Downsizing In Anticipation of Moving - Some Tips to Get Started
Moving after living in one place for an extended time is never easy. Add to that the emotion of leaving a place with loads of memories and the need to sort through possessions collected over a lifetime and you may find that getting started is the most difficult part. Resolving to do it is the first step. After that, organizing the process is key.
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How to get started
While you may not want to feel rushed, getting the task done without stretching it out over too much time is a worthwhile goal. Sorting through possessions and living in temporary chaos is stressful. Adopt a mindset that you will uncover lots of memories and stories to share. It will make the job much easier.
- Start with the rooms you use least. This way you can get away from the mess you will create.
- Have a sorting system to keep track of what stays, what goes to whom or where and what you are undecided about. Color-coded stickers can be a great help for you and any family members who are assisting.
- Work in scheduled blocks of time so you are not overwhelmed.
- Take the time to write down family history and stories that are associated with some objects. If writing the stories is too much work, enlist a child or grandchild to record the stories on video. Work at a pace that makes sense.
- Take the time to laugh at old photos and letters. Some may hold more sentimental meaning for you. If you have a family member who scrapbooks, ask them to organize the ones you wish to save. You will be more apt to enjoy them again if they are not stuffed in a box in a closet.
What to do with all the stuff
It will not take long before you have a roomful of things you really no longer want. You do not have to wait until you get through everything to start finding new “homes” for some of it.
- Get the kids to take their childhood stuff now! Set a reasonable deadline and stick to it.
- Consider bequeathing things now. A granddaughter may truly love taking possession of your set of china and you can enjoy it at the next family gathering.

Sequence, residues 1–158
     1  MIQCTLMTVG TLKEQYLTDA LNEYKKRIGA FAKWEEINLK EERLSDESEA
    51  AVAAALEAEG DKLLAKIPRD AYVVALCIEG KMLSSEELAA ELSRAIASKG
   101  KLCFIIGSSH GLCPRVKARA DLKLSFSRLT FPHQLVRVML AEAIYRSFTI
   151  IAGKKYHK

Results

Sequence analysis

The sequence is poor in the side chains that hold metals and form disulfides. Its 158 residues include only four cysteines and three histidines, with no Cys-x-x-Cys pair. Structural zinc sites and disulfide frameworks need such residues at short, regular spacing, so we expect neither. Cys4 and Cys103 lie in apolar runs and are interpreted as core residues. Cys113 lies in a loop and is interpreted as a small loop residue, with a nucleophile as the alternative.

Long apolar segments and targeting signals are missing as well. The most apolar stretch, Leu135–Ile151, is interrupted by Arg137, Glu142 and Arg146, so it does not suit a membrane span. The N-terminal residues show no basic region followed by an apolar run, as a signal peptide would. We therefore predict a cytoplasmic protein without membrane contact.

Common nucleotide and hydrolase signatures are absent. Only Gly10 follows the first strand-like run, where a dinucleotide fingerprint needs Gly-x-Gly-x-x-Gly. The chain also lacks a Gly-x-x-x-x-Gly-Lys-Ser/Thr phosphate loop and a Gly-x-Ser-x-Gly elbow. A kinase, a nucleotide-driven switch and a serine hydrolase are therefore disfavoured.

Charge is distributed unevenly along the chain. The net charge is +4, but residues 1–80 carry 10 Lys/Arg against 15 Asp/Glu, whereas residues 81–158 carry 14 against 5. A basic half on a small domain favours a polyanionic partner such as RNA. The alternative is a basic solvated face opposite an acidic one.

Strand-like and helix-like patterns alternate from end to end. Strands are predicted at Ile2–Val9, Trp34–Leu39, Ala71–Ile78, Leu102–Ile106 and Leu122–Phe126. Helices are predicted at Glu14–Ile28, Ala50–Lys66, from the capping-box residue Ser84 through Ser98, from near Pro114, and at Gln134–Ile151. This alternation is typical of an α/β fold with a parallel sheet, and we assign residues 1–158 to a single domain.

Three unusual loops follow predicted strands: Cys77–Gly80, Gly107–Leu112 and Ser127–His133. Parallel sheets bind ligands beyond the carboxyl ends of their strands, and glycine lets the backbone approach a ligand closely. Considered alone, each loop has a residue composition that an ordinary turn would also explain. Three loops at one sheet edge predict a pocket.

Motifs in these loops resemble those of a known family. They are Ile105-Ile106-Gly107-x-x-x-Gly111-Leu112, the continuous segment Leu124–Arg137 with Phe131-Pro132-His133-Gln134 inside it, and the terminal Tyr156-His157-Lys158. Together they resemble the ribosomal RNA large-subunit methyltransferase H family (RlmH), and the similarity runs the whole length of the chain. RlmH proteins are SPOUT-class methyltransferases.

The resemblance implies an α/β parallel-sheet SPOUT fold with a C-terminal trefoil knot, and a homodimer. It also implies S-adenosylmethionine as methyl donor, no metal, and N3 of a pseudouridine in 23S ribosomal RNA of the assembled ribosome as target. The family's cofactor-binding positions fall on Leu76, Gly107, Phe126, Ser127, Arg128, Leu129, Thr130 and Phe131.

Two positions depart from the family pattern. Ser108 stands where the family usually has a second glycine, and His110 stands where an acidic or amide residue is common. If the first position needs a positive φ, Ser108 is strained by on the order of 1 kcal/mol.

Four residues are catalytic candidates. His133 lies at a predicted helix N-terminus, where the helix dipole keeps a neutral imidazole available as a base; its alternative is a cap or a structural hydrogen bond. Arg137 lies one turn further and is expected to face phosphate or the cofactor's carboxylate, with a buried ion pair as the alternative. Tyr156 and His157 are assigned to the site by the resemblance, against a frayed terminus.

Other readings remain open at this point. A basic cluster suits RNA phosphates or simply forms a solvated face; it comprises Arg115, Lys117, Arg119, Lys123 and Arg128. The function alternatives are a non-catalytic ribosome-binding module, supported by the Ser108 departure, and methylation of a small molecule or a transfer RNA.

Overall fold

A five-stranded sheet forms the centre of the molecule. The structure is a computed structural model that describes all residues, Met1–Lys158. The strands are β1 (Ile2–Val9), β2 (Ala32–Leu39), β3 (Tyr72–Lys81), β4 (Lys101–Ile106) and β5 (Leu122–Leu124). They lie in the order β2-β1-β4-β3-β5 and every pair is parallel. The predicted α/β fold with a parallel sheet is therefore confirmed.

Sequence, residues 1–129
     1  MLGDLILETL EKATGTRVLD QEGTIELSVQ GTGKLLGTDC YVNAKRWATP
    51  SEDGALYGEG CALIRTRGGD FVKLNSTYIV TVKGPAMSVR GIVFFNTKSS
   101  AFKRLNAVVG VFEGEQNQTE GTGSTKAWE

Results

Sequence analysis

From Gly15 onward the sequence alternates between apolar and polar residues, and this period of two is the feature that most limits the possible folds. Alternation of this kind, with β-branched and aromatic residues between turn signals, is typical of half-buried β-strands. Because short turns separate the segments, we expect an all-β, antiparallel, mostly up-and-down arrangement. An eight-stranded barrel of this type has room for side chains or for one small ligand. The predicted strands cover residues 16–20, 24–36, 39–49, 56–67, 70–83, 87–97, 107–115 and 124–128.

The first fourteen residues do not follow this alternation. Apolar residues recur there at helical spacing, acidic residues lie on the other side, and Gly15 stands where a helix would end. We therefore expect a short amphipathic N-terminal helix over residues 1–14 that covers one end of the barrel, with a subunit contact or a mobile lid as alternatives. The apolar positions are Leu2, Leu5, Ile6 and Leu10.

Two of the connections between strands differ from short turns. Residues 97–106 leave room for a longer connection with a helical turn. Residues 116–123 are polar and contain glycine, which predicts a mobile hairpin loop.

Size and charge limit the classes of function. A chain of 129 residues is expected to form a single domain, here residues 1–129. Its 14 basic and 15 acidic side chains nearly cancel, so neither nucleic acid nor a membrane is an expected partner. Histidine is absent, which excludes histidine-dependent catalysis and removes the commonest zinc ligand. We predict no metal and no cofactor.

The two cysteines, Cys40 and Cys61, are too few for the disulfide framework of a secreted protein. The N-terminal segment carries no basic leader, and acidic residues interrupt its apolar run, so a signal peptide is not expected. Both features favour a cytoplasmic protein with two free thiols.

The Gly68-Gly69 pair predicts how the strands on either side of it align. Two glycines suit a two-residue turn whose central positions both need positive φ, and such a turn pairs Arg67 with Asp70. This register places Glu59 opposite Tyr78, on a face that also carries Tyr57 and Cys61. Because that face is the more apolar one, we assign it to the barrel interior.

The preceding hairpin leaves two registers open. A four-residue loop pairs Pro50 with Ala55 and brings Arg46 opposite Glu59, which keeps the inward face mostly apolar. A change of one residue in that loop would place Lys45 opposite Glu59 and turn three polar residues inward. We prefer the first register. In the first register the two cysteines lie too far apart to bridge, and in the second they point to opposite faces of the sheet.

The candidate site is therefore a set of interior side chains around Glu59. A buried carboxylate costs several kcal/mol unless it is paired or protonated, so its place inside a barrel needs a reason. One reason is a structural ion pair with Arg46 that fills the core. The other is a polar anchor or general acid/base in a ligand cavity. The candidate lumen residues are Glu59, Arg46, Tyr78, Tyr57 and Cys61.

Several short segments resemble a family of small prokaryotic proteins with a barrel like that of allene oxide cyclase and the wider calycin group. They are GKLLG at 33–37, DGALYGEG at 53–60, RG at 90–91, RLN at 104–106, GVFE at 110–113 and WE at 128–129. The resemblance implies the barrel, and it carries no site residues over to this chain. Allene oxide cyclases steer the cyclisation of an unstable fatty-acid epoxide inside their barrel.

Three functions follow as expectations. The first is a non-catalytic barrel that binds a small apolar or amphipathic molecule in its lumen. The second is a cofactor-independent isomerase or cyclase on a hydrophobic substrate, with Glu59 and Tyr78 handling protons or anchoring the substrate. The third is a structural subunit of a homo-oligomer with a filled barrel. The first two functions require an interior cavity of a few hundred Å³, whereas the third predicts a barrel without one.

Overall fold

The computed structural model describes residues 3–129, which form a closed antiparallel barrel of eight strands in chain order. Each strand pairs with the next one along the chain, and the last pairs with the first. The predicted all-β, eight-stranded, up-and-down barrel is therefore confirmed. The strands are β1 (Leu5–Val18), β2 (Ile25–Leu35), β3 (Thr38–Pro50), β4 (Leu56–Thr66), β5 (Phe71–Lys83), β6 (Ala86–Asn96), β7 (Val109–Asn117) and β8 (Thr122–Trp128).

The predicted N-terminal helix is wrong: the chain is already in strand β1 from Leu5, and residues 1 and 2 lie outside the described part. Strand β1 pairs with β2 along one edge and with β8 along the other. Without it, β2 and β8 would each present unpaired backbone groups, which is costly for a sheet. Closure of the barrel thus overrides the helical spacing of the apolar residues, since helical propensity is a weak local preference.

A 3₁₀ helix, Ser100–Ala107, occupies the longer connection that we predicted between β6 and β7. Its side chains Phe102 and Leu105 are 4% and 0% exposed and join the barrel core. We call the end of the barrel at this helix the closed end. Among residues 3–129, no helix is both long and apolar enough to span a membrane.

- Be honest about what you really no longer need. Why keep all the kitchen tools to roast a turkey when you no longer cook huge meals like Thanksgiving?
- Donate to charity. Charitable organizations do welcome donations of items that are still in good shape and of use to others.
- Consider a garage sale or auction. A garage sale is a big undertaking and will require the help of family or friends. Auction companies will pretty much do the work for you for a percentage of sales. For most people this is a last step, after you have moved out and want to sell the house and possessions that are left. Do your homework and check up on any home sale company you are about to hire. Talk over their services and how they handle security for your home.
Do you worry about dividing things evenly between children?
Many people worry that their children will not inherit possessions equally. Remember, each child is his or her own person and may not honestly share your concern. Most children just want to help you through the transition process. Encourage open communication between family members.
- If you can, be sure everyone gets something meaningful to them.
- If sorting through possessions and selecting who gets what is too much, an alternative to have family select what they want. Don’t be hurt if someone wants nothing. You are not your possessions. Some family members may not be in a position to take things or may be happy with very little.
- If you have possessions that are of considerable monetary value, consider selling them at auction.
Hire a move manager
A senior move manager is a professional who specializes in assisting older adults and their families with all aspects of moving. Though many senior move managers have backgrounds in gerontology, social work, health care, nursing and psychology, others come to this work from a variety of careers. The cost of hiring such a person may be easily outweighed by the all the help they can be. If your family is not close by to help you, hiring help may be necessary. There is a professional organization of senior move managers that can be a source of more information.